In first post-Trump elections, progressives sweep school elections helped by record voter turnout

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Progressive candidates fought off pro-Trump Tea Party candidates in school board elections around the state, Tuesday. It was the first election test of the newly energized progressive movement in the Trump era.

The results are still coming in but the early results are already clear:  this movement isn’t just about resistance in the streets – we’re voting, too!

“Voter turnout in Albuquerque was almost double what it was two years ago, and early numbers show that those voters came out for a slate of progressive candidates endorsed by educators unions, progressive elected leaders and community organizations, including ProgressNowNM,” says Pat Davis, executive director of ProgressNowNM.

In a sign of progressive voting power:

  • ProgressNowNM’s Progressive Champions PAC Voter Guide was viewed online more than 25,000 times – 14,511 times in the 7 days preceding the election.

  • APS elections included over 18,200 voters – more than twice 2015’s combined 7,683 total voter turnout.
  • In a sign that voters were looking for progressive leadership, candidates (Republican and Democrat alike) endorsed by ProgressNow/Progressive Champions, Educators Unions (ATF), Equality NM and progressive partners all won commanding 53-65% of the vote in crowded fields of 4 and 5 candidates.

In Albuquerque, the Tea Party started organizing more than a year ago to run candidates on Trump-style platforms.  New Mexico’s lone Tea Party Congressman, Steve Pearce, launched GOTV robo-calls into the district in last minute efforts to turn out conservative voters.

In early election results, Progressive Champions swept each race by huge margins over the crowded field of challengers:

  • District 3 Progressive Champion Lorenzo Garcia won re-election against 3 other challengers
  • District 5 Progressive Champion Candy Patterson won her 4-way race
  • District 6 Progressive Champion Elizabeth Armijo is the new board member from the NE Heights
  • District 7 Progressive Champion David Peercy, a Republican, heads back to the APS Board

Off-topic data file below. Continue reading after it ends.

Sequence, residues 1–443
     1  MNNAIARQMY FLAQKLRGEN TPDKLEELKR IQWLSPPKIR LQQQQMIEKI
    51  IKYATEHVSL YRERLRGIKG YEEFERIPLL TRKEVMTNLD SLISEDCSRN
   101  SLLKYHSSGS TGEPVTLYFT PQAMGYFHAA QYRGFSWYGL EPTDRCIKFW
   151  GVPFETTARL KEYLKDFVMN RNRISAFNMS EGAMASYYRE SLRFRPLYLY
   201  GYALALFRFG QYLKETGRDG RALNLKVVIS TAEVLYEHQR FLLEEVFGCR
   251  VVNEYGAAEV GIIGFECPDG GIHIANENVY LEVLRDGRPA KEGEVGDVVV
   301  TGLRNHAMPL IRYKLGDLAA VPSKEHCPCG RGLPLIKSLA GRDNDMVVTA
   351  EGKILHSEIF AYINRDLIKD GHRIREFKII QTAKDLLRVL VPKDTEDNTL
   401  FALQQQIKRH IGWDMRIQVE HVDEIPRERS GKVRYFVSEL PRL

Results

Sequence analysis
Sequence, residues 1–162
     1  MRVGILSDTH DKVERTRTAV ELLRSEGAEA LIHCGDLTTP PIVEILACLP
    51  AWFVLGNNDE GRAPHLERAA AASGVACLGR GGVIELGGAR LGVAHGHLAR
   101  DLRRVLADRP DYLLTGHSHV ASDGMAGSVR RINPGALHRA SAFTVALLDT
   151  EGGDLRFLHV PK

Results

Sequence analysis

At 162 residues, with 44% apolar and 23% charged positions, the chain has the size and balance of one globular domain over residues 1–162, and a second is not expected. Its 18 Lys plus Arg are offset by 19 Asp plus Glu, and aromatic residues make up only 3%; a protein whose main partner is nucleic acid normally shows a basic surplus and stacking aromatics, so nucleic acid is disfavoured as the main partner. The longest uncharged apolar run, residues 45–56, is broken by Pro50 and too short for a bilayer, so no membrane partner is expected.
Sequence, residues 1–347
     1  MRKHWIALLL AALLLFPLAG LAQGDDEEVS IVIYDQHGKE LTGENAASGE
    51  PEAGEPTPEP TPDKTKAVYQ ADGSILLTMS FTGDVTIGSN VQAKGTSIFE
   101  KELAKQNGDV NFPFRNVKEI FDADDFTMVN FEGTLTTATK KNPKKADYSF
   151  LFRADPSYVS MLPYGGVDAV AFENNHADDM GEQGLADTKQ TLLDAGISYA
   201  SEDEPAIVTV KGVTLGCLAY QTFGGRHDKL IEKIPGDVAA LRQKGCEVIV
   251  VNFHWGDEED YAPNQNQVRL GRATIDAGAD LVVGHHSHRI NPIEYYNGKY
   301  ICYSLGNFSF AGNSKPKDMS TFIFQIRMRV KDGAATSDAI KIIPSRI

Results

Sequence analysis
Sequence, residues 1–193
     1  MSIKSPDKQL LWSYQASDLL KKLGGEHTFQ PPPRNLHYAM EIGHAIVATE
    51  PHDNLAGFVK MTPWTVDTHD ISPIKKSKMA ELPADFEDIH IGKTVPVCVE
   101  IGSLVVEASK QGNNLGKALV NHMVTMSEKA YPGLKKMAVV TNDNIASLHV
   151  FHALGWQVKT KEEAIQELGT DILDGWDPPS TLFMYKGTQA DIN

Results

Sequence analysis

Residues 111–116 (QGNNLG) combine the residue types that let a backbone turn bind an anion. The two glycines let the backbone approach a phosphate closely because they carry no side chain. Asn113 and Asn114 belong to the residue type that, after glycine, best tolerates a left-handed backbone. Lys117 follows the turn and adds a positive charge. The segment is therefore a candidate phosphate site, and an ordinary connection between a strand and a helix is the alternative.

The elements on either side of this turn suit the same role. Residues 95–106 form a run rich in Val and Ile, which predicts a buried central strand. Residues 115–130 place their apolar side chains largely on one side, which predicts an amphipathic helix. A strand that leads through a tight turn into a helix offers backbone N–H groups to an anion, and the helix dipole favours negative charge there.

For CNM Board, Nancy Baca and Michael Glennon appear headed to CNM by wide margins.

 Full Bernalillo County election results here.



In Las Cruces, Governor Susana Martinez’s PAC launched last minute negative attacks against progressive union and ProgressNowNM-endorsed candidates.  ProgressNowNM’s Progressive Champions PAC used that attack to turn out progressive voters to vote against that outside interference in local elections.

Progressive voters responded to the last-minute negative attacks from Gov. Martinez’s PAC by turning out to elect our Progressive Champions:

  • In District 1, Progressive Champion Ray Jaramillo was unchallenged
  • In District 2, Progressive Champion Terri Dallman defeated a strong conservative challenge
  • In District 3, Progressive Champion and incumbent Maria Flores won re-election


In Gadsden, Tea Party State Rep. Rick Little appears to have lost a bid to take over a school board seat vacated by Vice Chair Mr. Ford.  Congrats Laura Salazar Flores!


In Gallup, Charles Long, Christopher Mortensen and Michael Schaff (each endorsed by AFT’s educators union) appear headed to easy election. (results)

Sandra Jeff, once a State Rep. who ran into questions after ProgressNow questioned her residency and she lost a court challenge to get on the ballot for re-election, lost again. She earned less than 20% of votes in District 1 in late results.


In Los Alamos County, voters ousted two popular Republican men and replaced them with two new progressive women.

In the words of Trump, progressive candidates won BIGLY!

Great candidates and progressive power can move New Mexico forward – thanks for making New Mexico better!

Now what?
Let’s start by organizing for the next elections.  New Mexico’s progressives are already fired up for just that.

Thinking of running for office? Email us to learn about our Progressive Champions project.

Or, sign up for our emails so you are the first to know about opportunities to help screen candidates for the next election, and to get local event updates where you can build the progressive community in your town.


Pat Davis